By Kate Brian, journalist, writer and author of four books on motherhood and fertility
Christmas can feel like the most difficult time of year for anyone with a fertility problem. Of course, the festival itself celebrates a very special birth, and although that is sometimes overshadowed by commercialisation, Christmas is still very focused on families. You may feel that bombarded with images of happy parents and their smiling children, and everywhere you turn it seems that there are reminders of what you don’t have.
Avoiding things you find difficult
If you are finding the run up to Christmas really difficult, there are things you can do to make it a little easier. Many people find the shopping streets hard to handle at Christmas, with windows full of nativity scenes and pavements crowded with people. It can make you feel terribly sad, and of course you can’t just avoid going out altogether at this time of year. However, what you can do is avoid doing your own Christmas shopping on the streets. It has never been easier to buy online, and you can save yourself a lot of time as well as heartache if you find the shops difficult.
You can say no
It’s also important to remember that you don’t have to do things that you know in advance are going to be really tough for you. There’s often a sense of guilt about even considering not being with your family for annual events during the festive season; you may always get together for a Christmas church service, a special meal together or a family drinks party. These events that you share can be a lovely part of the tradition of Christmas, but they can also be difficult if you know that it will be a very family-focused occasion with all the attention on the youngest family members. The same goes for social events with friends which you know may be equally child-centred.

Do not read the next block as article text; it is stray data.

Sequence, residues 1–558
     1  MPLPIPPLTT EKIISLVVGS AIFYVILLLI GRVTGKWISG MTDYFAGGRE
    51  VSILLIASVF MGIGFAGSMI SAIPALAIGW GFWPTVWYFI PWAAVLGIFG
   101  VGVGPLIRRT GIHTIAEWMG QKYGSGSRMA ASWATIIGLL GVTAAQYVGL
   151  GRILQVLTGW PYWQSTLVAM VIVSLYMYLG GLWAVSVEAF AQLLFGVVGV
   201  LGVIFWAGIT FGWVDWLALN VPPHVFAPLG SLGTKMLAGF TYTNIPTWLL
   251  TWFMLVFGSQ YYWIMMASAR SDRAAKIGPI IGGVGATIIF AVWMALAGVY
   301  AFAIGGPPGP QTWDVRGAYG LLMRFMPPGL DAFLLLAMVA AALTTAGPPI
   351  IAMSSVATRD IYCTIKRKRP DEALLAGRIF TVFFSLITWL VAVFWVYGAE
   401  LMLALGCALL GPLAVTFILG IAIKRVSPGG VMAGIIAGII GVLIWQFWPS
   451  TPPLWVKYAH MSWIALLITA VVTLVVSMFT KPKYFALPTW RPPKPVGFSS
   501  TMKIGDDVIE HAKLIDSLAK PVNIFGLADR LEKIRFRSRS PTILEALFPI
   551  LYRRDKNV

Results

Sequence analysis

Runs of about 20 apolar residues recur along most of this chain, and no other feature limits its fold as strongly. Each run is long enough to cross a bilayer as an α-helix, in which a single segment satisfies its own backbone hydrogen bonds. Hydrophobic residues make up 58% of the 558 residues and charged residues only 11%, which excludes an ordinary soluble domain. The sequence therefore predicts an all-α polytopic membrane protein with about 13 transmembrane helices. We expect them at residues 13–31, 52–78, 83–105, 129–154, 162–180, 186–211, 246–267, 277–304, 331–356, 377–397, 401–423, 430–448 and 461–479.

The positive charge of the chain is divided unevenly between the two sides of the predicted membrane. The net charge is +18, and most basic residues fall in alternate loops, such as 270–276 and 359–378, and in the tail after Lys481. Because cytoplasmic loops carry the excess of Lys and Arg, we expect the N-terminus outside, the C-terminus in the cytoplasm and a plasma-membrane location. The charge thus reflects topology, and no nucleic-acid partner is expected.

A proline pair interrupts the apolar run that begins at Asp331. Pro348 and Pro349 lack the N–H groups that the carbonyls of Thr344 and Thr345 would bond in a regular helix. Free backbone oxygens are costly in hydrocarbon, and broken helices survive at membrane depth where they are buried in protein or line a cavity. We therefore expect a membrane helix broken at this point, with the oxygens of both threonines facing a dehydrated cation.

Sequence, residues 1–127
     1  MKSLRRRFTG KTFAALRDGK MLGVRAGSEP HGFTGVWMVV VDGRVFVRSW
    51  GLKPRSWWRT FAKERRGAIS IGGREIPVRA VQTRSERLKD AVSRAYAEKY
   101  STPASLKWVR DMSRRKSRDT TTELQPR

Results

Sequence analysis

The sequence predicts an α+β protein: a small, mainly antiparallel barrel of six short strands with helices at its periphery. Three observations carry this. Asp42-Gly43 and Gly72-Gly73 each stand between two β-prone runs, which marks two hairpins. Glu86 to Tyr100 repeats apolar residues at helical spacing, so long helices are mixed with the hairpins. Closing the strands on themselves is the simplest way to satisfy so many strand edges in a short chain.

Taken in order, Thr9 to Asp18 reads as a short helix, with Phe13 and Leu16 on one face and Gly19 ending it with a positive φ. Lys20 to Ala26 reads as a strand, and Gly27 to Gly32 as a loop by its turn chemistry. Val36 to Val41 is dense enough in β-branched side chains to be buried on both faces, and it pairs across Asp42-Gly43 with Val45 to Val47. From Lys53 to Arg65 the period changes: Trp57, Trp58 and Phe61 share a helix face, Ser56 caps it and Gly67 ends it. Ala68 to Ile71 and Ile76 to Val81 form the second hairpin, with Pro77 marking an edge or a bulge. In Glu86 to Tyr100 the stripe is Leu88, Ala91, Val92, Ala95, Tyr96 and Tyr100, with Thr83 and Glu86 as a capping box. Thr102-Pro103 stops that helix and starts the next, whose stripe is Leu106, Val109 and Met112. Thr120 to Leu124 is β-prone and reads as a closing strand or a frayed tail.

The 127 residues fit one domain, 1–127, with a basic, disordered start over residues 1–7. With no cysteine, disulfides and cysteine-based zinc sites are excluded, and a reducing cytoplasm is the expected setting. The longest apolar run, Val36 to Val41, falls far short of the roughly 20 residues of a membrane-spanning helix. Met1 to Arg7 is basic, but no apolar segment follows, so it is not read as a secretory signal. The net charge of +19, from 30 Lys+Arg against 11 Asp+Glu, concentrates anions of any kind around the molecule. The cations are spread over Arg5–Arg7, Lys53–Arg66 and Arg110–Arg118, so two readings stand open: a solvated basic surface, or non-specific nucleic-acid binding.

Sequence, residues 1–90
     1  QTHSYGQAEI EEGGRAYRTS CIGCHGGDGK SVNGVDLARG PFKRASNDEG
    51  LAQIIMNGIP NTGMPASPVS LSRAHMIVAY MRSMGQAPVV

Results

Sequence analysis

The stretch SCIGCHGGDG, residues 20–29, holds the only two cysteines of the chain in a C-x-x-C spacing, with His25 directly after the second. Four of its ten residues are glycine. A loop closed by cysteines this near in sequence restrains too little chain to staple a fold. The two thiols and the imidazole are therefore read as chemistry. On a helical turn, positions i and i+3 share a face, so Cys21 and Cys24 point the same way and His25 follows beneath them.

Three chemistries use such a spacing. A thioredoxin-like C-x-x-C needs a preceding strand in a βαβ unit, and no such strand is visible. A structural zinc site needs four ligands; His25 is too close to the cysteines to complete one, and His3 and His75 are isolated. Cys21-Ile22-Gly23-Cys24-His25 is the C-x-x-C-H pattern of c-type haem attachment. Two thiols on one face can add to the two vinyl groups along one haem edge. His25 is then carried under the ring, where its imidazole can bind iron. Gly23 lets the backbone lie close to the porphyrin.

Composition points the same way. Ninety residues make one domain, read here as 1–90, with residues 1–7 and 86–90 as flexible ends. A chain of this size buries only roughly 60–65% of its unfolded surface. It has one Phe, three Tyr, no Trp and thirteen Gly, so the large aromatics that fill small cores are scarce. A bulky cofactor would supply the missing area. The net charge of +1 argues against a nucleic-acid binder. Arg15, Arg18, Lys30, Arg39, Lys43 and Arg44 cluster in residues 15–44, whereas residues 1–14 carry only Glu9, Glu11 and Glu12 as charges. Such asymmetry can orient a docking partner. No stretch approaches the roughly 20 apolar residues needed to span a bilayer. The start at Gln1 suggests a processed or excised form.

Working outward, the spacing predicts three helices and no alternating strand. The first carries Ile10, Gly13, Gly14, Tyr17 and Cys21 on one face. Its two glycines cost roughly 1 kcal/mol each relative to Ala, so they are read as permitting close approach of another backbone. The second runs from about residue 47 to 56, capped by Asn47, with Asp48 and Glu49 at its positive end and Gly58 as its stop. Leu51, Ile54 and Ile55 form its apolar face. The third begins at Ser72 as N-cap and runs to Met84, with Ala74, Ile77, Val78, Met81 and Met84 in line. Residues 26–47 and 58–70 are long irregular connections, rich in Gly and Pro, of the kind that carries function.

If you are dreading a particular occasion, there’s absolutely nothing wrong with deciding that this year, for once, you won’t be there. It may be easier if you explain why to one particularly sympathetic family member, but you don’t need their blessing in order to make your decision. At times like this, when things can be tough, you have to think about your own needs and self-protection first.
A different sort of Christmas
There is no reason that you shouldn’t opt to celebrate Christmas in your own unique way, rather than following the traditional pattern which often involves being with an extended family with lots of children around. If you’ve got the time and the inclination, you might want to investigate last-minute Christmas holiday packages, and choose to spend the festive season wherever availability and your budget will take you. You don’t need to travel overseas to have a different type of Christmas though – you might opt to rent a holiday cottage somewhere a little closer to home, or book yourselves into a hotel.
If you don’t want to go away, you can still make the day different. You could choose to have your special Christmas meal at a favourite restaurant, you could take yourselves off for a long walk on Christmas Day, or you could spend the day wrapped up on the sofa watching films. Whatever you choose to do is up to you, but just make sure it’s something you know that you will enjoy.
At the end of the day, it’s your Christmas too – and although family and friends may have set traditions that they’d like you to join in with, it’s really entirely up to you whether you choose to do so or prefer to invent your own very special Christmas celebration.
Writer and journalist
Kate Brian is a journalist, writer and author of four books on motherhood and fertility, including The Complete Guide to IVF. Kate started writing about the patient perspective on infertility after having IVF herself.
Currently, she contributes to various types of media as an expert on fertility and writes her own blog, where she gives all the latest news and views on fertility issues, as well as useful advice and links for anyone trying to have a baby.